Story and Photos By Georgie Hammond
When Charlie Moorcroft arrives home from his job as an equestrian trainer, his work for the day is not over. As he swings open the gate to his beautiful backyard, Moorcroft is greeted by the sounds of animals meowing, chirping, squealing and the low hum of temperature regulating lights. To visitors, the sight of the massive animal enclosures set upon his lush grass is enough to make your jaw drop, but for Moorcroft, it’s just another day of doing what he loves from the comfort of his home — all right in the heart of Wellington.
Moorcroft’s journey with animals began as a child, growing up riding at a local stable where he learned the ins and outs of taking care of and riding horses. Beyond horses, his innate interest in all animals was apparent from the start, often visiting local livestock shows as a child. He would pick out ducks, geese, pheasants, rabbits and other animals to keep at his neighbor’s farm, where he worked for them to live because of his mother’s “no-animals-in-the-house” policy. However, Moorcroft never imagined that his love for animals would one day be echoed across the world with the help of his own nonprofit organization, the Moorcroft Conservation Foundation.
“I have had animals on and off my entire life. But being in the equestrian industry, my job never let me be in one place long enough to really give them the life they deserve. In 2006, my business changed in a way that allowed me to move to Wellington full time, and so I was able to start slowly, adding more animals back into my life,” Moorcroft said. “Today, I have more than 16 species of turtles, tortoises, skunks, birds, maras, cats and rabbits, all in my backyard as a part of my own collection of exotic, critically endangered and protected species.”
Moorcroft’s wide array of animals that once only fulfilled his personal passion are now gaining even more importance under his care, serving as educational ambassadors for the Moorcroft Conservation Foundation.
Established in November 2020 with a mission of introducing children and adults to global conservation issues, the nonprofit organization is inspiring people, many of whom have had the pleasure of meeting Moorcroft’s animals, to make a difference and assist in raising funds to support collaborative organizations.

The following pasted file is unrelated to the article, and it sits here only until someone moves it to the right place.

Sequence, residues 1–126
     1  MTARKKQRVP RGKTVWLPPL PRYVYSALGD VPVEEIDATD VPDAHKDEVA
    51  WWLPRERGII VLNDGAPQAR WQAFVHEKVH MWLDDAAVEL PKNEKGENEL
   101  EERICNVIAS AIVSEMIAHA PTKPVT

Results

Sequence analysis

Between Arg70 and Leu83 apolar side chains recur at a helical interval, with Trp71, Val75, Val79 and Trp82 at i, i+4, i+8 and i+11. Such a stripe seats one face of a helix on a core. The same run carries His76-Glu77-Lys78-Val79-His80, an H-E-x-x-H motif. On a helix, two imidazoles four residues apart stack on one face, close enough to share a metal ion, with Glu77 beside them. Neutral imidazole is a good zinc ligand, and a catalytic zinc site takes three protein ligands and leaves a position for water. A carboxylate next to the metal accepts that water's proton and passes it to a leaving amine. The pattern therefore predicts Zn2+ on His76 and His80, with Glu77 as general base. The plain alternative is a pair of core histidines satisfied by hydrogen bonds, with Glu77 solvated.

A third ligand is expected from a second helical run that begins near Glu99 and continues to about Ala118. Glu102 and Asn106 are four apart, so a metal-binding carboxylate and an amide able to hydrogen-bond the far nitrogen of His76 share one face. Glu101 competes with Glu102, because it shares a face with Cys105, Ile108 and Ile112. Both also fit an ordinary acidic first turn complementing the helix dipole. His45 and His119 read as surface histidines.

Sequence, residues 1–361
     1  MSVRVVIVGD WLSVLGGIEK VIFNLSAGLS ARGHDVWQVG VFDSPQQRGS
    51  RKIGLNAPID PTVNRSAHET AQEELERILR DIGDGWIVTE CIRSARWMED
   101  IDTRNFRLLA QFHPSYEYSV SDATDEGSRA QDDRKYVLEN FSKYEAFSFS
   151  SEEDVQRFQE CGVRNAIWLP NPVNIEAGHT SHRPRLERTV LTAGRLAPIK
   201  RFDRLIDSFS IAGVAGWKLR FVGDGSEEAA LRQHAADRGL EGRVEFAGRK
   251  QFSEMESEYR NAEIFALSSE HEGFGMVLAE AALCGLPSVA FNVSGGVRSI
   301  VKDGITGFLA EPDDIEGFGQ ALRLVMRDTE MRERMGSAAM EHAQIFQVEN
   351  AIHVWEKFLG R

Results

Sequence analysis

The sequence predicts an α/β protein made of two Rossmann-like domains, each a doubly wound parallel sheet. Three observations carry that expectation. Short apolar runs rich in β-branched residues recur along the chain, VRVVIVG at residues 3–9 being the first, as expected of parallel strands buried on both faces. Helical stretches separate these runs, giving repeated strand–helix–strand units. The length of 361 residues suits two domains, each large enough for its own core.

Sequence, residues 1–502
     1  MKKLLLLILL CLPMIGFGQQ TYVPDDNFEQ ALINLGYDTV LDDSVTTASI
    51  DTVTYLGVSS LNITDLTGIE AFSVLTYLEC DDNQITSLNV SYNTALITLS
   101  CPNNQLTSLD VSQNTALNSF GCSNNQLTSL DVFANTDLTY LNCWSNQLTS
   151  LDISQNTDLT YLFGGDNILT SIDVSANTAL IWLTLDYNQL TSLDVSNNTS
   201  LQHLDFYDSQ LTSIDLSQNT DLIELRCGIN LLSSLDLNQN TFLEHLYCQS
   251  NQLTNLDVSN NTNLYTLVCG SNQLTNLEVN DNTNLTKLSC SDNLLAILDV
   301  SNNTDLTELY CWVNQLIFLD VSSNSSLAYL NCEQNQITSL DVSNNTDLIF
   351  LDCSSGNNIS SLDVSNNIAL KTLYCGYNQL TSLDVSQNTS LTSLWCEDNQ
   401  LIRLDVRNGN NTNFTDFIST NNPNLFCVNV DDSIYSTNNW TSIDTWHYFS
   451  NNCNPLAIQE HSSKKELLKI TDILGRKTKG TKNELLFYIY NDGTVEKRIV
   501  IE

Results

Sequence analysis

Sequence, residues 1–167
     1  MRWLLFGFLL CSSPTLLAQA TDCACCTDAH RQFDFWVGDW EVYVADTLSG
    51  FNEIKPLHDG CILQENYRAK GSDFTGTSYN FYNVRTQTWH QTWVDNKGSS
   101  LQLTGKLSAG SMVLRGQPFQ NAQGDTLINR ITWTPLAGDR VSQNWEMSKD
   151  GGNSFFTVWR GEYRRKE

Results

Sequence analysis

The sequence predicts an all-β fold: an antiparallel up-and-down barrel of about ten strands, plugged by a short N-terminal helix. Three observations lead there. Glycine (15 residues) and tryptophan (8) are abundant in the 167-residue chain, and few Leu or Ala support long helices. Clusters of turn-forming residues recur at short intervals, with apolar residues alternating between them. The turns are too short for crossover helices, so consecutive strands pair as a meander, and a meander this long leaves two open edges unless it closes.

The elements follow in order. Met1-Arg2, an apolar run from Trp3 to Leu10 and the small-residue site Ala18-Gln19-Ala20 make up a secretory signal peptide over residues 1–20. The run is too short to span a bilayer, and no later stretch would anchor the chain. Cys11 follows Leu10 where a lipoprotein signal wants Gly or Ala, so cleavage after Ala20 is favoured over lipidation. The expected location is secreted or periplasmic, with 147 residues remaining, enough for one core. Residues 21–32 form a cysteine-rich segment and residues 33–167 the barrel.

“We started the foundation just as a way to bring awareness and real-life experiences to people within and beyond our community here in Wellington,” Moorcroft said. “Our goal is really to bridge the gap between kids and education, and also bring funds to other organizations that we trust so that they can also provide opportunities for kids to be involved on a local, national and global level.”
As an extension of the foundation, Moorcroft’s diverse collection of animals provides people the opportunity to learn more about the meaning and importance of conservation through hands-on experiences and Moorcroft’s knowledge. Four large, outdoor enclosures, set within the confines of his spacious backyard, make for the perfect up-close encounter with larger animals, such as the cherry head red-footed tortoise, which loves to be fed bananas and hibiscus flowers.
In a temperature-regulated room off the house, Moorcroft keeps a variety of turtles and tortoises in environments that best suit their needs, and there’s even an incubation system for the eggs they lay. As children and adults interact with and hold each animal, Moorcroft rattles off his knowledge of the species, never missing a detail and keeping his audience engaged as they watch and learn from both the animals and Moorcroft.
“We really like when people come and visit, talk about the animals, meet them and talk about conservation. We want people to understand that these animals need our help,” Moorcroft said. “We work full time, and this is our home, so it’s not a public facility and there is no admission, but we do accept donations for the foundation and other organizations that we work closely with. But whenever possible, we love having people over to meet the animals and create conversation.”
Through Moorcroft and the foundation’s two other Wellington-based board members, Louise Serio and Holly Caristo, and Executive Director Geoff Teall, the Moorcroft Conservation Foundation has raised and donated funds to conservation organizations around the world, such as the TurtleRoom, the Cloud Foundation, Refuge des Tortues, the Equus Survival Trust, the Wolf Conservation Center and Florida Skunk Rescue, fulfilling the foundation’s mission on a global scale, while Moorcroft continues to love, care for and share his animals with those who visit his home.
“It all starts with a conversation. If you can’t talk about it, then you can’t do anything about it. So, my hope is to really just get the conversation started about conservation,” Moorcroft said. “Whether you come and meet my animals, or if you simply hear about us online, my wish is that it inspires you to dig deeper, do some research and see how you can help animals in your local community and beyond.”
To learn more about the Moorcroft Conservation Foundation, visit www.moorcroftconservationfoundation.org.